Home Buyer’s Guide to Home Inspections

A home inspection is one of your most valuable tools as a home buyer. Hiring a certified inspector allows you to proactively discover problems with the home so that you can more effectively negotiate and understand what you’re getting yourself in to.

A hand holds a magnifying glass over a miniature house.

 
Here are some things to keep in mind with home inspections:
 

Inspections Are Optional… But Worth the Money

There’s a common misconception that home inspections are required, but this isn’t accurate. Home inspections are optional, but they are well worth the investment. Home inspectors are an objective third-party that will be able to find any potential problems or defects in the home and let you know before purchasing. This will give you more power to negotiate with the seller or even walk away from the home should the problems be too large. If you chose to forgo an inspection, you could wind up with a costly repair after the purchase.
 
One exception in this case is with condominiums. Condos typically belong to Homeowner Associations (HOAs) who will handle many of the repair/maintenance components of the property. It is, however, best to double check with the HOA of the home you’re purchasing to understand what is covered and what is not.
 

What an Inspection Covers:

An inspection is a visual, non-invasive evaluation of major home components. An inspector does not perform repairs or any kind of maintenance, they simply observe what’s there. In terms of length, the average home inspection should take three to four hours. Anything less may indicate a less-than-thorough job.
 
Not every inspection is going to be the same and not every inspector is going to check the same things. Typically, you can expect them to cover:

  • Home Exterior
  • Roofing
  • Foundation + Basement
  • Heating + Cooling systems
  • Plumbing
  • Electrical
  • Fireplace
  • Insulation + Ventilation
  • Doors + Windows

 
These inspections typically do not cover:
Anything inside the walls
Roof or Chimney
Septic Tanks
 
That said, you should always check beforehand and understand what will be covered because every inspector will be different. Some inspectors will offer extended or more detailed evaluations, but you will need to pay for these additional services and they typically are not worth the extra expense.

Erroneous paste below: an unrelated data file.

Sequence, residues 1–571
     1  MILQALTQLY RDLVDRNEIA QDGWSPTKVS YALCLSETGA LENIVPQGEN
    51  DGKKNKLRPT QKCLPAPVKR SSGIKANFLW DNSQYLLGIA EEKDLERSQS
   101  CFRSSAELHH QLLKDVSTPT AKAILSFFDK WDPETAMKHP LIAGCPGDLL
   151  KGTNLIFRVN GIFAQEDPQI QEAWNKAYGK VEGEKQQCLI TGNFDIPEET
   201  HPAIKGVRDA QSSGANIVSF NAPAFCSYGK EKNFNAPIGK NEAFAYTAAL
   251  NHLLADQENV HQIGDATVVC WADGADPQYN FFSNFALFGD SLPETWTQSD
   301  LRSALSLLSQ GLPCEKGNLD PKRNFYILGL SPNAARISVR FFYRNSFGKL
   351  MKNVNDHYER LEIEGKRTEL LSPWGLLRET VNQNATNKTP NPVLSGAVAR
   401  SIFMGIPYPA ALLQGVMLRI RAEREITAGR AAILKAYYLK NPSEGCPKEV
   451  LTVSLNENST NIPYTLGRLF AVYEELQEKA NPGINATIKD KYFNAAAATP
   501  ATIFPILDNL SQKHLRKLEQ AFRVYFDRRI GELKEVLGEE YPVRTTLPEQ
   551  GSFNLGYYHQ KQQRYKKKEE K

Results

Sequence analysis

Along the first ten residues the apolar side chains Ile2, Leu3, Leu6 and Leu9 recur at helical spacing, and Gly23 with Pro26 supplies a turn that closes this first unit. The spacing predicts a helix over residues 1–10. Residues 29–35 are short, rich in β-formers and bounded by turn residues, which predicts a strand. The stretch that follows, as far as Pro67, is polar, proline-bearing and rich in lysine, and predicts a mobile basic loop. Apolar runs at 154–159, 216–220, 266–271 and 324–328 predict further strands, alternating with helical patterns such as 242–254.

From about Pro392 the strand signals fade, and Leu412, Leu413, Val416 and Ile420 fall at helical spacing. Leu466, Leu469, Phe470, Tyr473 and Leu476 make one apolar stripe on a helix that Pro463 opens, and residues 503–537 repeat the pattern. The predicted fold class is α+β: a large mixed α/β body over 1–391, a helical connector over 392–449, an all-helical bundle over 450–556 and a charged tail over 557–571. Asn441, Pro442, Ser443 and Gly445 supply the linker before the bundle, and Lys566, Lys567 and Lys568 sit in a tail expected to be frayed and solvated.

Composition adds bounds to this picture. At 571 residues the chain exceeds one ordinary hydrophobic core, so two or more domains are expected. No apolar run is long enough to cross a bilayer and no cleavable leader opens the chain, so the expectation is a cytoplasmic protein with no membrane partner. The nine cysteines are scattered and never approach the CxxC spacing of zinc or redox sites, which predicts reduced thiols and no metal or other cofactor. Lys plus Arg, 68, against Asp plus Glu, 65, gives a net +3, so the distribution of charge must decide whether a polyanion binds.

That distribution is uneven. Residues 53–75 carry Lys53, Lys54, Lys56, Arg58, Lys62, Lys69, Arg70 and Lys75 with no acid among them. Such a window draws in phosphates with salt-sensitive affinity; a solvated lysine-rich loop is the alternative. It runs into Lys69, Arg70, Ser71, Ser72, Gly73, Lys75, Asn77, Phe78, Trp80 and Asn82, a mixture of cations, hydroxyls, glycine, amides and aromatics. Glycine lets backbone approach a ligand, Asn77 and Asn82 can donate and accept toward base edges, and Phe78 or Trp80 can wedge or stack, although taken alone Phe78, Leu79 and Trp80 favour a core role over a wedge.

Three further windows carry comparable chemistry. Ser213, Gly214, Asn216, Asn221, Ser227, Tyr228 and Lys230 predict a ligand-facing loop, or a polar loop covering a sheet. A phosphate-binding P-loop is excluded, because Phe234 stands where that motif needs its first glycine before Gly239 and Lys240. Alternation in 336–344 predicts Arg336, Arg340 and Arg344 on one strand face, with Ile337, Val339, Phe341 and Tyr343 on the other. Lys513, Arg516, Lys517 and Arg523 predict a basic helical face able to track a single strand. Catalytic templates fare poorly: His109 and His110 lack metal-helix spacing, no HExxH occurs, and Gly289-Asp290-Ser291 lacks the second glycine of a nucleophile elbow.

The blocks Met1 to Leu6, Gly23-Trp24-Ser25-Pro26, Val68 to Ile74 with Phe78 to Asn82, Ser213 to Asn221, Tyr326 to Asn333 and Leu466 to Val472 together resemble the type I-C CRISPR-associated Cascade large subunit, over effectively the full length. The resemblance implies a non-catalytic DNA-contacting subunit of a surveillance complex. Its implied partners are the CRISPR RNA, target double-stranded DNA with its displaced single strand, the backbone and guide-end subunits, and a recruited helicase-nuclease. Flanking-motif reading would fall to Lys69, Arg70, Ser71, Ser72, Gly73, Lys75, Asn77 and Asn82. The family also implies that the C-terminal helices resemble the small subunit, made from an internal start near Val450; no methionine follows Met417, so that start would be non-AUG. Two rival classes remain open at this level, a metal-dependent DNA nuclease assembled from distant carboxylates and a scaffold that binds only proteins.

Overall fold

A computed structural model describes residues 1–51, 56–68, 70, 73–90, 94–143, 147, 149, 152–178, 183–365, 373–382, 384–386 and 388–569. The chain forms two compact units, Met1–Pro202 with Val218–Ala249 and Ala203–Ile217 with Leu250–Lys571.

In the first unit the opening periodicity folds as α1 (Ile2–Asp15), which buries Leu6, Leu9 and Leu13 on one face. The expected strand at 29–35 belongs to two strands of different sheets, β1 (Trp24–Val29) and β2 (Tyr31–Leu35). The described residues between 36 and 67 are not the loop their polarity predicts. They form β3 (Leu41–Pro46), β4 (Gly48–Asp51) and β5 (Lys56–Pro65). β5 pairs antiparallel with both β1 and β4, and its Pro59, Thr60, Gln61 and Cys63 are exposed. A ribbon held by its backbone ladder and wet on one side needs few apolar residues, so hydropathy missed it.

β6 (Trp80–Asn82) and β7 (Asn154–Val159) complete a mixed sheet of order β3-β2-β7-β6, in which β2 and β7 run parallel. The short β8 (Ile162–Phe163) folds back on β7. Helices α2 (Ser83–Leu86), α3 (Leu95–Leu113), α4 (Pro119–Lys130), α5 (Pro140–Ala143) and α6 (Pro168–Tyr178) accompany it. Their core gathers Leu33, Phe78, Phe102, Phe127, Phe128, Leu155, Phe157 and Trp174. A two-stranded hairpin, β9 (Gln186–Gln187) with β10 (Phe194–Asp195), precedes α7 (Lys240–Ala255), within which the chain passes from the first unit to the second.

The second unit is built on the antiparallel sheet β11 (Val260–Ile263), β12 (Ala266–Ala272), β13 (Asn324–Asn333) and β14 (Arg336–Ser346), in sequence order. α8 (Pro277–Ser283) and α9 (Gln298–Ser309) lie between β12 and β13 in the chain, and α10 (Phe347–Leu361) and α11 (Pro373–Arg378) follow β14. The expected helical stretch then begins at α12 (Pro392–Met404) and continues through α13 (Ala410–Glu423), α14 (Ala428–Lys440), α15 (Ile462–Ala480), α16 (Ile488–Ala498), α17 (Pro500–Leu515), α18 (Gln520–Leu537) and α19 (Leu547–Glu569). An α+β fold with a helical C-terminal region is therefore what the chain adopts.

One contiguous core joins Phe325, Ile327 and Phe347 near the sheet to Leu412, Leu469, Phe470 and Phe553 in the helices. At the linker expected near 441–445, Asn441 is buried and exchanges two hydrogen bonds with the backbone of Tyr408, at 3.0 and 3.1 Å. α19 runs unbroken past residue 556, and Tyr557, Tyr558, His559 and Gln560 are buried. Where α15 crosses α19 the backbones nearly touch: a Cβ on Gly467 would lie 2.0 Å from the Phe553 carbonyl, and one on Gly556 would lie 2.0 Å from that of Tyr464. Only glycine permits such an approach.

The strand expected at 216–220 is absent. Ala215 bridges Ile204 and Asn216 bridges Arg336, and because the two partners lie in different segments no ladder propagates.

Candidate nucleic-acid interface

You Get What You Pay For

Home inspections can be costly, but this is not an area to skimp. Should an inspector miss something, this could end up costing you thousands of dollars later on. That said…
 

They Are Not Always Responsible If They Miss Something

Policies and regulations vary from state to state, but home inspectors, and the companies they represent, may not be held liable if they miss something during the inspection. When looking for an inspector to hire, make sure to hire one that carriers “Errors and Omissions” coverage. This goes beyond basic liability insurance and offers protection if an inspector were to miss a problematic component of the home.
 

Hire the Right Person for The Job

When looking for a home inspector, give yourself plenty of time to find a well-respected, certified professional. Ask family, friends, and neighbors for referrals of folks they’ve used in the past. Your realtor can also be a great source for referrals.
 
Keep in mind, you may also want to hire a specialist in addition to a home inspector to investigate things like pest + animal infestations, asbestos, or mold or radon.
 
Attend the Inspection + Request an Inspection Report
Most folks don’t know, but you can actually attend inspections while they’re happening and it’s a great idea to do so. You’ll be able to physically ensure that the inspector has seen and checked every part of the house.
 
You also should request an inspection report following the evaluation. This document will show the inspectors findings to give you an idea of where be problem areas may be and may help you legally down the road should unforeseen issues arise with the inspector or the home seller.